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Updated on Thursday, February 6, 2020
While we can’t predict exactly what 2020 has in store for us, it’s safe to say the days of Federal Reserve rate hikes are behind us. After three rate cuts in 2019, the Fed has left savers in limbo as the latest monetary policy pause continues.
Banks and credit unions continue to cut their rates across the board, on both deposit accounts and lending products. This doesn’t bode well for CDs yields, as they tend to respond rapidly and hew closely to the Fed’s policy changes. However, a few banks have chosen to set their rates higher than those of competitors.
The Fed rate outlook for 2020
From what we can see at the beginning of 2020, it looks as though the federal funds rate range will remain around 1.50% to 1.75% for some time. The Fed has given no sign that it is ready to make a move in either direction as of yet, although it’s safe to say a rate hike isn’t on the table. It would take a precise set of conditions for the Fed to materially reassess their patient stance; until those arrive, we wait.
With the December 2019 Fed dot plot as an indefinite indicator, most Federal Open Market Committee (FOMC) participants envisioned the federal funds rate will stay right where it is for 2020. Only four members plotted their dots higher, indicating an infinitesimal increase to a 1.75% to 2.00% range this year.
However, when looking at the Fed dot plot, keep in mind that it is not a concrete prediction of where the federal funds rate will go. Rather, each individual committee member’s projection is based on the data they currently have. As fresher data comes in over the year, the dot plot is sure to change.
What we can expect from CD rates in 2020
On the whole, 2020 CD rates have been a mixed bag so far. Many institutions are still making small reductions, while others remain stagnant.
On a positive note, however, several institutions have gone against the grain and raised CD yields over recent months. Most notably, Marcus by Goldman Sachs has increased a few of its CD rates by 10 basis points (bps) each. Other leading leaders, including Salem Five Direct, Rising Bank and Advancial Credit Union, have increased their own rates slightly as well.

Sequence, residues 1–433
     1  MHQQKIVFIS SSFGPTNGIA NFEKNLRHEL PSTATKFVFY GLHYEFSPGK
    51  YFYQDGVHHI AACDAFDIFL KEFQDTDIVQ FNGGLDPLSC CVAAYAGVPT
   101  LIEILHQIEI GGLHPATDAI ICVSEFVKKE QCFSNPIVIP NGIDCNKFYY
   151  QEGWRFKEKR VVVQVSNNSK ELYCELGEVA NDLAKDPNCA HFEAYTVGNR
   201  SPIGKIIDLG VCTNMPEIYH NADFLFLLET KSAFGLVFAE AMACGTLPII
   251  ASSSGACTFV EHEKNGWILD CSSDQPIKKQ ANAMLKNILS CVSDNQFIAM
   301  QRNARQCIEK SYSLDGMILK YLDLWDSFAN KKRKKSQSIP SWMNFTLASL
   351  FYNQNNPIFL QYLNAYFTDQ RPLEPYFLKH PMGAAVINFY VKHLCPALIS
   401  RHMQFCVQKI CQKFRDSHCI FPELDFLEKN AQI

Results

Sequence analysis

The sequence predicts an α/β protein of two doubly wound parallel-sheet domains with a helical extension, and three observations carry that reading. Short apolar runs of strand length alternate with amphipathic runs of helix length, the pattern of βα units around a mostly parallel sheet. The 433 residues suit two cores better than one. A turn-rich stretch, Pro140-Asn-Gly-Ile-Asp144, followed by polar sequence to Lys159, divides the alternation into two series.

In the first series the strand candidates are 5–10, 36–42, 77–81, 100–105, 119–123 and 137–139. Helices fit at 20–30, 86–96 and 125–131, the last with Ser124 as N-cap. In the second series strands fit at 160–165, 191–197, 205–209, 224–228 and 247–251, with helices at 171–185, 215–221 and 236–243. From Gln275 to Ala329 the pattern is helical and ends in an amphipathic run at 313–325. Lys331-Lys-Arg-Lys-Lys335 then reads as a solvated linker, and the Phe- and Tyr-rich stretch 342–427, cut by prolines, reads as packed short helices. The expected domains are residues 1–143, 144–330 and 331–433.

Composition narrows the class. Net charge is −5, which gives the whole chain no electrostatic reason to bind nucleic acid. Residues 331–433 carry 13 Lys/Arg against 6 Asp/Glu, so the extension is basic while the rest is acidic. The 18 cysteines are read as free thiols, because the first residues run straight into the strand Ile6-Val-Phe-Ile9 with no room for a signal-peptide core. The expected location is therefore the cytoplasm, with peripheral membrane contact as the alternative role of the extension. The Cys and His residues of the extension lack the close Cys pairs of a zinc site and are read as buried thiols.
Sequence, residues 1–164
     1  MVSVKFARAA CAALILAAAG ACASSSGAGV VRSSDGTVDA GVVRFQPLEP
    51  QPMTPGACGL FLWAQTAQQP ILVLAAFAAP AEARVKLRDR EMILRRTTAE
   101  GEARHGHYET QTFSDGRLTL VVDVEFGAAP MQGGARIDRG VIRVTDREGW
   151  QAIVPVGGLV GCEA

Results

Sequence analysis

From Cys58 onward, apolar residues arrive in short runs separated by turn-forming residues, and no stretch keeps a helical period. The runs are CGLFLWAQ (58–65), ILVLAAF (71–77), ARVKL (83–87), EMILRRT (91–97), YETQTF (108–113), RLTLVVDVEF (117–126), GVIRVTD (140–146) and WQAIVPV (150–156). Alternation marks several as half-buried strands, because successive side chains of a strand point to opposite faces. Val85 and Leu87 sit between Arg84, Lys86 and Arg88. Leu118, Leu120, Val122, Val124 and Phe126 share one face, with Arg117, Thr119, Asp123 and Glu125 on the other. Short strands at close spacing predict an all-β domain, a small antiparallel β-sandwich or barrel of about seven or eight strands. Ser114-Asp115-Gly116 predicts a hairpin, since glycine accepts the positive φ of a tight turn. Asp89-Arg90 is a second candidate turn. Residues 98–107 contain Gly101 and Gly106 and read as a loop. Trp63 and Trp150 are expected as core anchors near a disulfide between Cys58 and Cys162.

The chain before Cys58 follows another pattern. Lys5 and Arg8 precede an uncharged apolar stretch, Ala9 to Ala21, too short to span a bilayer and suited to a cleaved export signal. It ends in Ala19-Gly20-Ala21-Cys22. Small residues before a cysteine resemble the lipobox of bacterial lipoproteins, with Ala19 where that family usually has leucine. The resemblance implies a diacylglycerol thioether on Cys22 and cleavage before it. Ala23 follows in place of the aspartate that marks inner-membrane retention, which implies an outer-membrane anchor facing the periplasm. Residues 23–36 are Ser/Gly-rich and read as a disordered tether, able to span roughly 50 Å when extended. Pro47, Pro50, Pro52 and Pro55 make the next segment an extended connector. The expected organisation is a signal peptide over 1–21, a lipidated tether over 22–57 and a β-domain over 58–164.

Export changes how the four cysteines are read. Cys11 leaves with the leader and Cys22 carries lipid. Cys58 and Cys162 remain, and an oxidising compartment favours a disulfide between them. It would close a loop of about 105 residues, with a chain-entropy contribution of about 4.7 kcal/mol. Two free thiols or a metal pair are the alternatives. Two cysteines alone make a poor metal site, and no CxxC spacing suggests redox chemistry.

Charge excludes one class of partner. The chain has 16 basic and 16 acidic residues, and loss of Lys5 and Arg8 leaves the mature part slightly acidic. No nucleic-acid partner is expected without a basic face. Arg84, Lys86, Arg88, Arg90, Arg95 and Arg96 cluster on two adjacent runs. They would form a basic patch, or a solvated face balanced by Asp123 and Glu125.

We can certainly expect this trend to continue among a few outliers, rather than a nationwide upswing.
CDs vs. savings accounts
Savings accounts aren’t seeing the kind of recovery that CDs have, unfortunately.
“The Fed’s rate cut on Oct. 30 is still having an effect on online savings and money market accounts,” said Ken Tumin, founder of LendingTree-owned DepositAccounts.com. Indeed, even rate leaders continue to drop their savings account rates incrementally.
Tumin warns that rate cuts may have been spread over a month or two, so we may not have seen the last of these cuts yet. This assumes the Fed itself doesn’t deliver another rate cut.
The highest interest rate on a liquid savings account as of this writing is 0.65% APY, offered by Fitness Bank’s Fitness Savings account0.50% APY, offered by Customers Bank’s Ascent Money Market Savings account. Savings account rates at popular online banks are generally hovering around 1.70% APY.
Meanwhile, there are a few CDs available nationally at around 3.00% APY for 5-year and 7-year terms. 1-year CDs aren’t too far behind, where the highest is currently 2.25% APY as of this writing.
What’s next for deposit account rates?
The U.S. economy is off to a solid start in 2020. Economic growth continues at a moderate pace, with a strong labor market, solid job gains, record-low unemployment and moderate household spending on our side. According to the Fed, the economy’s weaker points include weak business fixed investment and exports.
The economic outlook is marred, however, by outside forces. Slowing global growth, trade negotiations, Brexit and the coronavirus outbreak have all been cited as risks to the health of the U.S. economy. The Fed assures it will continue to monitor these developments, and take action if necessary to continue our own economic expansion. Until then, we wait amongst falling deposit rates for the Fed’s signal.